Below is a sample from page 17.

A detail from a handwritten page showing shorthand symbols interspersed with words.

A table showing an example of shorthand where various symbols replace vowels and consonant groups.
In Stenography compleated; or, The art of short-hand brought to perfection …, 1743
Via Flickr

Of the various systems of English shorthand commonly used in the 1700s, I came across none that approximated the gibberish I had to decipher. The few systems I found were more focused on letters and partial words. Not only did the symbols in these systems not match those I faced, but it was clear to me that many of the characters I saw represented whole words, not letters. So, at the risk of being embarrassed in the future by someone presenting me with a concise glossary of this shorthand system, I undertook to decipher it myself.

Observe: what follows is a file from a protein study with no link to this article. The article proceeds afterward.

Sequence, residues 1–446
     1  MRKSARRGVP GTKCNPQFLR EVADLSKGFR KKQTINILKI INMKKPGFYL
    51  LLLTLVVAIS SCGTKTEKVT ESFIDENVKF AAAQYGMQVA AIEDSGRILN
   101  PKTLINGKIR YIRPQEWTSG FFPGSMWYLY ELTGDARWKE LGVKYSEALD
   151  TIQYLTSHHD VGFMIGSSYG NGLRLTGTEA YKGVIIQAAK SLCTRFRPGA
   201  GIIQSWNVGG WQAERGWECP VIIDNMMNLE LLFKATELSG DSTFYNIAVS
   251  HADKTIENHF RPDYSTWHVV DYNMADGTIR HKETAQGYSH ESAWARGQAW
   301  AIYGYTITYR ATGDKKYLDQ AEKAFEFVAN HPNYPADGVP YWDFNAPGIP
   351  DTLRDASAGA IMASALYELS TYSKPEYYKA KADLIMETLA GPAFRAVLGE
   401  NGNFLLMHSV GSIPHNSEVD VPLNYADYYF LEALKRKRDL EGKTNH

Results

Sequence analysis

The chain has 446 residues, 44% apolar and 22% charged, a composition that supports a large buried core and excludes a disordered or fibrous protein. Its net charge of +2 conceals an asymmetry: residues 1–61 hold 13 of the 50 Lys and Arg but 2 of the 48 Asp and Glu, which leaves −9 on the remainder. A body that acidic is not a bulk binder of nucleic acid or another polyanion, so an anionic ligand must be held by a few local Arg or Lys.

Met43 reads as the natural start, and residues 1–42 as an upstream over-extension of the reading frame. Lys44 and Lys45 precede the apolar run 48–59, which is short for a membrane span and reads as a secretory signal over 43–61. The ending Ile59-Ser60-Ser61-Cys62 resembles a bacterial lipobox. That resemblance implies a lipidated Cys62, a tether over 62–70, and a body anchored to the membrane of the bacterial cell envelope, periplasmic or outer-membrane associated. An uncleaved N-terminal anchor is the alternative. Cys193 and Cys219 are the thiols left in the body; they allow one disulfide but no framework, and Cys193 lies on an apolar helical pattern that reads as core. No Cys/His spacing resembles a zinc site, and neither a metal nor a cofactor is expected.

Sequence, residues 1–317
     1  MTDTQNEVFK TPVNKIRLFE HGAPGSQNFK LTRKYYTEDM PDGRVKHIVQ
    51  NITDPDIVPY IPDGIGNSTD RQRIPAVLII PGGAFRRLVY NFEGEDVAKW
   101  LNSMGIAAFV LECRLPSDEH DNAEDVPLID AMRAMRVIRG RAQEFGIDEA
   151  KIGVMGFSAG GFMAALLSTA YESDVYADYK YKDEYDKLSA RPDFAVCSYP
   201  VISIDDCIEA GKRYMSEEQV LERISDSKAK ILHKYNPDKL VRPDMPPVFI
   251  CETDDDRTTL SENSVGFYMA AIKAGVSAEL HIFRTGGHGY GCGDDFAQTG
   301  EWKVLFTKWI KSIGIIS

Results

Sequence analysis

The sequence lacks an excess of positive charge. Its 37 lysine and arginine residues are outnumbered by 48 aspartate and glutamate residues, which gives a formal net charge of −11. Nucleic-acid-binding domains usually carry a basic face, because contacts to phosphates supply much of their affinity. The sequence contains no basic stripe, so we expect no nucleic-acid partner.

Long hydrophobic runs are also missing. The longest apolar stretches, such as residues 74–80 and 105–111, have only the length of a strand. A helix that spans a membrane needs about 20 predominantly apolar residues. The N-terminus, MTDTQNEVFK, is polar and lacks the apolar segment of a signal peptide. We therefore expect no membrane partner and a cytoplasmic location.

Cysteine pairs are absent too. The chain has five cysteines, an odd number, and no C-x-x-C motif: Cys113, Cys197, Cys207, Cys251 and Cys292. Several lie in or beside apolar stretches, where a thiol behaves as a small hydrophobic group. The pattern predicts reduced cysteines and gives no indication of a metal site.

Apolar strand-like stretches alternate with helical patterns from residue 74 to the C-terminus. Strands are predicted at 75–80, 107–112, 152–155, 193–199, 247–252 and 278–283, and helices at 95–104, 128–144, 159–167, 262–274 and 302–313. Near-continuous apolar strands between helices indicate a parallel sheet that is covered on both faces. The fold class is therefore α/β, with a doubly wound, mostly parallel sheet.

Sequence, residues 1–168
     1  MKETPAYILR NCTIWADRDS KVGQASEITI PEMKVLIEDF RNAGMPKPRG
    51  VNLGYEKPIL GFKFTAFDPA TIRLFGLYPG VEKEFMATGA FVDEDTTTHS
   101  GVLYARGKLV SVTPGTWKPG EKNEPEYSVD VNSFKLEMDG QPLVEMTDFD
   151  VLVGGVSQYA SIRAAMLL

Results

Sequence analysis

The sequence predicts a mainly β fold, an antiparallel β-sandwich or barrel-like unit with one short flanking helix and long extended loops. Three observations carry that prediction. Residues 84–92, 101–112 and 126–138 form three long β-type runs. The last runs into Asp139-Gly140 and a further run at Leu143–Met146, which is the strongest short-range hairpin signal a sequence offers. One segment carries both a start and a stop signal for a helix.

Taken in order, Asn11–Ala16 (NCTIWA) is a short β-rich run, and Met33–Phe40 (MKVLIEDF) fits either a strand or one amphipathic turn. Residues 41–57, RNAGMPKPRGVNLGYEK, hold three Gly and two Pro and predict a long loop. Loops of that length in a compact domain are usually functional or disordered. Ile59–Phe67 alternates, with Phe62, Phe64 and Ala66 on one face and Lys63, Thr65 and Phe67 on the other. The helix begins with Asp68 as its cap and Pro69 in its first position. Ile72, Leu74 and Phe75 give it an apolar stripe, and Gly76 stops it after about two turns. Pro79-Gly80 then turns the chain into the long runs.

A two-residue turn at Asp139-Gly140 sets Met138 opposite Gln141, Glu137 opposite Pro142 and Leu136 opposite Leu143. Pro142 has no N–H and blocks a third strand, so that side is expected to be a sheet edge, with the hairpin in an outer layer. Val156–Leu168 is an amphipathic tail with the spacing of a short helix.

The first few successes were encouraging. Context made it easy to tell what symbols were used for “the” and “is”. After that, things became trickier. When I found a certain shape recurring and couldn’t easily figure its meaning, I collected a series of instances in context and hoped that eventually I would find the one word that fit all those “blanks.”

Here is how the word “keep” was wrested from the world of doodles:

The printed word "KEEP" under a curved line.Does this symbol mean: dry? stand? exert? keep?

  • p107 – “in ointment it does not [   ] much, and sometimes retains the acidity”
  • p135 – “the Seeds do not [  ] much and are weaker”
  • p153 – “for often the Egg. Gum, or sugar which was to [   ] its parts separate are washed away”
  • p183 – “says it is excellent in the cricis [    ] of inflam: Fevers, though more especially in putrid Fevers.”